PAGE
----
Sound Transit inaugurates RAPID Program with $200,000 for apprenticeship training

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Sound Transit Board Chair Ron Sims presents check for RAPID System funds to the Metropolitan Development Council.

King County Executive Ron Sims, in his role as Sound Transit Board Chair, joined with Seattle Mayor Greg Nickels and other Boardmembers Wednesday today to kick off RAPID (Regional Apprenticeship Preparation Integrated Delivery System) -- an important program to recruit and train future apprentices for the building and construction trades. Representatives from six community groups in King, Pierce and Snohomish Counties received grants totaling nearly $200,000.

"If we want a strong, local and diverse workforce to build projects that will take us into the future, we need to start building that workforce today," said County Executive Ron Sims. "That's why Sound Transit is supporting community-based organizations that help people develop the skills they need to work in construction and building trades."

RAPID's goal is to increase the base of minority, women or low-income workers in these trade apprenticeships. To achieve this goal, RAPID prepares unemployed and underemployed people through education and skills training. The program is an important component of Sound Transit's Project Labor Agreement which is required of all Sound Transit prime contractors building Sounder stations and the Link light rail project. Contractors agree to use a percentage of typically under-represented groups in their employment and subcontracting. Among these goals is a commitment to use apprentices for a minimum of 20 percent of all hours worked.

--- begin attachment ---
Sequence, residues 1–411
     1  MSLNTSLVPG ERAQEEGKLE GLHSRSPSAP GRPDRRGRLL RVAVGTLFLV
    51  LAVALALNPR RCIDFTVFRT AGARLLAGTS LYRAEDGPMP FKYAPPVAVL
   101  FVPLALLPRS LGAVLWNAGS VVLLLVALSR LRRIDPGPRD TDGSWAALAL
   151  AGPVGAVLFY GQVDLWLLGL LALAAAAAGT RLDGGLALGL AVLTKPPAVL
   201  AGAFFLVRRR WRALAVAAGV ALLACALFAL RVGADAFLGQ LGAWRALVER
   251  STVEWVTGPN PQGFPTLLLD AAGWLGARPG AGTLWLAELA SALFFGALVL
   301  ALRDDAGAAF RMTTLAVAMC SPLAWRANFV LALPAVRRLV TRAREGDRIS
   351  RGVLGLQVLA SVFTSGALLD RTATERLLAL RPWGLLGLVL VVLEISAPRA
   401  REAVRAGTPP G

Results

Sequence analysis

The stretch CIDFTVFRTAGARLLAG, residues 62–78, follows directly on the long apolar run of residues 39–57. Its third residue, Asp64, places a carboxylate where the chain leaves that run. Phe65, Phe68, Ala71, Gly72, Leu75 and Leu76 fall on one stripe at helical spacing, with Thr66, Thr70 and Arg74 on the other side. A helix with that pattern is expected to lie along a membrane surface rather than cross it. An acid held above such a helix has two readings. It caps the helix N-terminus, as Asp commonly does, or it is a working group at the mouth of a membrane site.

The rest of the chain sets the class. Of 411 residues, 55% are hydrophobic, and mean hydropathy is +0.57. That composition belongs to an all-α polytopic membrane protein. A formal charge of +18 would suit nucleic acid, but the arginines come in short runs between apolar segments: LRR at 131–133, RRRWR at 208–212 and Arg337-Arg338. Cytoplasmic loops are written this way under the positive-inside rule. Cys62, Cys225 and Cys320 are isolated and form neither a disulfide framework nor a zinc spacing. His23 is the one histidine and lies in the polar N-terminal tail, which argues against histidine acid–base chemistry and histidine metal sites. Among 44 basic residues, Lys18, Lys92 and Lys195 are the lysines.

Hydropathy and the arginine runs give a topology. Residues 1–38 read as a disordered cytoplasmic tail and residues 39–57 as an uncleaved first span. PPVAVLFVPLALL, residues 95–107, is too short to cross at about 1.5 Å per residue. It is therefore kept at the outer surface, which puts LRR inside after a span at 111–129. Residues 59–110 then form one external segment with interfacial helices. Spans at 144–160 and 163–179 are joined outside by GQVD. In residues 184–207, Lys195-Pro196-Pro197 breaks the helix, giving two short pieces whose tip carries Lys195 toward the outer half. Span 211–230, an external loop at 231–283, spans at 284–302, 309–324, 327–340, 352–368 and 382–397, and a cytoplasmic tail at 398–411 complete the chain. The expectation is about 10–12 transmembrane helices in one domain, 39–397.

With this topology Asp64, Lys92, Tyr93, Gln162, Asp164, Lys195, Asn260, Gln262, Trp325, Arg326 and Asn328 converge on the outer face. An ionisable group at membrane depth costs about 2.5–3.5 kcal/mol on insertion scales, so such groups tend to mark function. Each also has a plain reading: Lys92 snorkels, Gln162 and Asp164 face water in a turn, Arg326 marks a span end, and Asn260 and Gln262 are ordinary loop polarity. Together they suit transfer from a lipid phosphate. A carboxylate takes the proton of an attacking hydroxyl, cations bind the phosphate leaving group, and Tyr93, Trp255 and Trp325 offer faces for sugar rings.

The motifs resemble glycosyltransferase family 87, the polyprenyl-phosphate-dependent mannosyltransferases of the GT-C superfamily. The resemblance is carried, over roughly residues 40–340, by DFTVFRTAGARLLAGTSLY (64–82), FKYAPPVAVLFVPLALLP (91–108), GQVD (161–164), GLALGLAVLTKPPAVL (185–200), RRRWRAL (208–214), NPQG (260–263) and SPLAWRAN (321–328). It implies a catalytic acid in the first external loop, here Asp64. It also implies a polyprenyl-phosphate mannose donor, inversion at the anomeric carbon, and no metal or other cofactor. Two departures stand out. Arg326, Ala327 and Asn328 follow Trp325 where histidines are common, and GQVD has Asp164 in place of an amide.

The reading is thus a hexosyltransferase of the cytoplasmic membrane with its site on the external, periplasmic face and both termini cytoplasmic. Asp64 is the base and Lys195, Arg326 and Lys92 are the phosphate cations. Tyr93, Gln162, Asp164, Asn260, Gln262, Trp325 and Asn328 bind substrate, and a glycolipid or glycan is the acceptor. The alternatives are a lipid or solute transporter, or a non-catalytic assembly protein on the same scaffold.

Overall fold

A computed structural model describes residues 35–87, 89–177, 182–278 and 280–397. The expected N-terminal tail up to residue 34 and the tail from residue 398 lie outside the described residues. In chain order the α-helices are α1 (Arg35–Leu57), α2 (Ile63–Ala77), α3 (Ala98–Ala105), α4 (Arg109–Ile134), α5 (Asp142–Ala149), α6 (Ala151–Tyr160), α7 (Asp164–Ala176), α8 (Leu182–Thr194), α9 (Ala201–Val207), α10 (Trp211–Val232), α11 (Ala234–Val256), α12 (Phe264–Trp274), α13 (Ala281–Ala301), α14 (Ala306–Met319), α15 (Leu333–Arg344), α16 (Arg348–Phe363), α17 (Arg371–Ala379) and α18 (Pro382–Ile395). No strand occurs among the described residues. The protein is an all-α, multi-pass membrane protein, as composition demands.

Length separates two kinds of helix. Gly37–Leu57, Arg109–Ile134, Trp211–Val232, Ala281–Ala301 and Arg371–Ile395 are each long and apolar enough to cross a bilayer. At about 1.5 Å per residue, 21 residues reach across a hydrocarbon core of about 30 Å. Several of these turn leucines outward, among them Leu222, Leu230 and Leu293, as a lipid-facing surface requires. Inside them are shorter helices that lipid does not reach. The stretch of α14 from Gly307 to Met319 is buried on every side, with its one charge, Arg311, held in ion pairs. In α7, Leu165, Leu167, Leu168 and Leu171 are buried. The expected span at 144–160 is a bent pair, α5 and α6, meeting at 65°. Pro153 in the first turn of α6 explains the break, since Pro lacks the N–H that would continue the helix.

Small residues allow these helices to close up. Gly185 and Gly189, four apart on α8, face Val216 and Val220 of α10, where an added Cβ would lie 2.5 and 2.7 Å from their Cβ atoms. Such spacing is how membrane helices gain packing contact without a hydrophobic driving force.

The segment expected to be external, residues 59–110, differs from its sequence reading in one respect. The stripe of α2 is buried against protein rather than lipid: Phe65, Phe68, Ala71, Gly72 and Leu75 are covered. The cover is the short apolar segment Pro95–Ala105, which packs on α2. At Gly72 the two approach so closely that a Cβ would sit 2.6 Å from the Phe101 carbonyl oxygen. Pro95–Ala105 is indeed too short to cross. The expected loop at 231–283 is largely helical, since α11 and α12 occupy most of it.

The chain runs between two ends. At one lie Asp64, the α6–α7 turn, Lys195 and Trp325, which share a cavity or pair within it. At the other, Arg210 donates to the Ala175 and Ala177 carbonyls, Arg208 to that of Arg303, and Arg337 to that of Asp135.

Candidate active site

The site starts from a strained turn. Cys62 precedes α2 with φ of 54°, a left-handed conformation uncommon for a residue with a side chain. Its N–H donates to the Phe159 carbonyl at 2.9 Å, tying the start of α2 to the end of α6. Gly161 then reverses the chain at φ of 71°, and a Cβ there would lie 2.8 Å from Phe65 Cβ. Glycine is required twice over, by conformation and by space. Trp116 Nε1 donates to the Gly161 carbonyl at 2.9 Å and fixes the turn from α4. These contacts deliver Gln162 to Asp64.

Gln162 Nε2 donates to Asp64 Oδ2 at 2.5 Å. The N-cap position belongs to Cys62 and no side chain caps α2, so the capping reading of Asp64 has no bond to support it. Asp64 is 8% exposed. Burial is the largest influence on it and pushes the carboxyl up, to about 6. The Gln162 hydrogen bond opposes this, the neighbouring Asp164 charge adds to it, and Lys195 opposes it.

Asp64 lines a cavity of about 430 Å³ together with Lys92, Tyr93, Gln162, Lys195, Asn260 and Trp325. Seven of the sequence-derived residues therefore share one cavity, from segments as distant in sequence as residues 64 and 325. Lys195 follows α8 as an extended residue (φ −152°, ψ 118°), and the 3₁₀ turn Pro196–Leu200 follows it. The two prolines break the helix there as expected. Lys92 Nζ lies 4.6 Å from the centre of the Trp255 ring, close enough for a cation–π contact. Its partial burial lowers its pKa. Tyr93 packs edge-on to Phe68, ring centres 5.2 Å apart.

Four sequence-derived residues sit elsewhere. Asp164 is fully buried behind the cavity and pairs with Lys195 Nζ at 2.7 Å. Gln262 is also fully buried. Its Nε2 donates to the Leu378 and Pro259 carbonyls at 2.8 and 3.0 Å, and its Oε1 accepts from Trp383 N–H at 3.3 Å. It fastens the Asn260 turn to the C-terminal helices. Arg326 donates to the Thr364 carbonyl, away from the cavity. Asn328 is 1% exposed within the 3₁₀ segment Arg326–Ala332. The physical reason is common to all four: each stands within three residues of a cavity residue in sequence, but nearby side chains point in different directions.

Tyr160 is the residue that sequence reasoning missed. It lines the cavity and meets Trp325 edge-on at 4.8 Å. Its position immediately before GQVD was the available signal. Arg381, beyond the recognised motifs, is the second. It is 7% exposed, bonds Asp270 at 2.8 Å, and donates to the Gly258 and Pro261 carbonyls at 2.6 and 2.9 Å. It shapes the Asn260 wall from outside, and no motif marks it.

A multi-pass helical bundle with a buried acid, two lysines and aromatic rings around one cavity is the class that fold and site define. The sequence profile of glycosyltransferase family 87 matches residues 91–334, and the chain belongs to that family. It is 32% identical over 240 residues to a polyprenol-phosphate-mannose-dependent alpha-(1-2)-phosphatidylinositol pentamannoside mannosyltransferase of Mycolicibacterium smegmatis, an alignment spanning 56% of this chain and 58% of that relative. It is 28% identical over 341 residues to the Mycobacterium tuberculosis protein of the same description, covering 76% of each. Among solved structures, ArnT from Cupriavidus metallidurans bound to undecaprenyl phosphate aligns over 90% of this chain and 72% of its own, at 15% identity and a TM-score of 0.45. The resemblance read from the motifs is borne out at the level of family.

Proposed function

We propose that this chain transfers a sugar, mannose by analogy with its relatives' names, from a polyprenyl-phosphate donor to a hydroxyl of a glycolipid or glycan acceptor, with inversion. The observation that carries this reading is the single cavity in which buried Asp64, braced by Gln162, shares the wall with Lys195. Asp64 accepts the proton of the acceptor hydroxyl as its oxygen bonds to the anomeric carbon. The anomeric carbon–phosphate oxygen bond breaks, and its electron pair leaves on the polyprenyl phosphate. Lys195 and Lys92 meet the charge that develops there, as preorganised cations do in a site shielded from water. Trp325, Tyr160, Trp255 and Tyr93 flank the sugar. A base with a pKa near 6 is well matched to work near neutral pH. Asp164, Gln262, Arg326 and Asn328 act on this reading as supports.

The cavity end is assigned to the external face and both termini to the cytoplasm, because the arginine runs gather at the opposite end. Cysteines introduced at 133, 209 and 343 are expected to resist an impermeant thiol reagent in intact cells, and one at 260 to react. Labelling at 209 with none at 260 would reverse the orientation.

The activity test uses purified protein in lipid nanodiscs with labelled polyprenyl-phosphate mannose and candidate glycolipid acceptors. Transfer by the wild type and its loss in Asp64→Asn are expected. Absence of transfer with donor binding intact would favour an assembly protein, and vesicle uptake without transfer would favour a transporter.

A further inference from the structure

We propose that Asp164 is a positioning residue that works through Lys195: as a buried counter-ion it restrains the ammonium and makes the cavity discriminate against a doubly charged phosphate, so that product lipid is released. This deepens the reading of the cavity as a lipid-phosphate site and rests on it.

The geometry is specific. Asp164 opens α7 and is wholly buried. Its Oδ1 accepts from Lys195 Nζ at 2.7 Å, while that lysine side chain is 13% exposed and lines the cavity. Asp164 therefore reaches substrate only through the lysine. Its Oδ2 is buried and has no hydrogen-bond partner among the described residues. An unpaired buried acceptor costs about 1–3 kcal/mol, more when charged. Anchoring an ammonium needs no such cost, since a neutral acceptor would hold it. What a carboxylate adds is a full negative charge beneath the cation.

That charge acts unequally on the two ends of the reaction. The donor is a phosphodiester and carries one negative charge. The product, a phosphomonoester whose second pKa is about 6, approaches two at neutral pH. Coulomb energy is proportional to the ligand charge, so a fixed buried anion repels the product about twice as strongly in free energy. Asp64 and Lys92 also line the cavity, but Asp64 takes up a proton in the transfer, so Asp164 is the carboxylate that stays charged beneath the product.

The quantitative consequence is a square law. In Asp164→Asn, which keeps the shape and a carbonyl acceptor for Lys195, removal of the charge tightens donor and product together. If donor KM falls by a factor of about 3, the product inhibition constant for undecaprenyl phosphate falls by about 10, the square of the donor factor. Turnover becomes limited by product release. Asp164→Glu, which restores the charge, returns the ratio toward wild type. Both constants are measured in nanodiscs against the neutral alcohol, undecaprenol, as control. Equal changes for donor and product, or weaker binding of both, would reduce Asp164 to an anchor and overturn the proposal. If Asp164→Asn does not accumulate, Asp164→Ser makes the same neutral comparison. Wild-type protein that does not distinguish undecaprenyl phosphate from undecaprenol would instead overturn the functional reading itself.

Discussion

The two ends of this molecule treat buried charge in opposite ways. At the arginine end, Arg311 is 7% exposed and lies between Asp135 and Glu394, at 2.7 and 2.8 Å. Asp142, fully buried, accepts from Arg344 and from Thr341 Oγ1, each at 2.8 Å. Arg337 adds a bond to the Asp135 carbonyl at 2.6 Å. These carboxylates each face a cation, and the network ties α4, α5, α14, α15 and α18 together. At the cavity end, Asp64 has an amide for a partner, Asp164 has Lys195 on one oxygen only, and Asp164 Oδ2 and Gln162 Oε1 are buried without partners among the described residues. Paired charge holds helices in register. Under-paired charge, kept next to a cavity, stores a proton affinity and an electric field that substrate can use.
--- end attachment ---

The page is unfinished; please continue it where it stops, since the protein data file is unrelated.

"This is a great example of government doing the right thing," said Seattle Mayor Greg Nickels. "I'm pleased to see Sound Transit creating pathways for people to gain family-wage jobs."

According to the PLA, five cents of every work hour covered under the agreement will go to funding the RAPID program. The funds were supposed to come in as construction dollars were spent. But, in order to jump start the program and maximize the opportunities for apprentices, the Sound Transit board advanced the program $175,000. The program is expected to reach $1 million by the time the Sound Move projects are completed.

"RAPID is a very important program for this region," said Peter Coates, Executive Secretary of the Seattle/King County Building and Construction Trades Council. "Sound Transit is a major force in construction here and RAPID will help keep the jobs local by recruiting and training the workers of the future."

Two soon-to-be graduates of an apprentice training program receiving a RAPID grant were present at today's ceremony. Thirty year old Crystal Jeghalef (ironworker) of Redmond and 36 year old Regina Pete (carpenter) of Federal Way will graduate from ANEW (Apprenticeship and Non-traditional Employment for Women <and Men>) next month.

"I'm a single mother - two girls (16 and 4) - whose best salary was $16 an hour as an accounting clerk," said Pete. "This training has given me the skills, knowledge, confidence and attitude to walk on any job site and know that I belong there and can get a good job with a livable salary so I can send my girls to college."

"I was a laid off administrative assistant," said Jeghalef. "My unemployment was running out and I needed options. I was lucky to find this program which not only trained me but provided other support while I was learning my new skills. Now I know I can get a good job and a fair wage."

NOTE: To see fact sheet for list of groups receiving grants click here.

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Sound Transit plans, builds and operates regional transit systems and services to improve mobility for Central Puget Sound.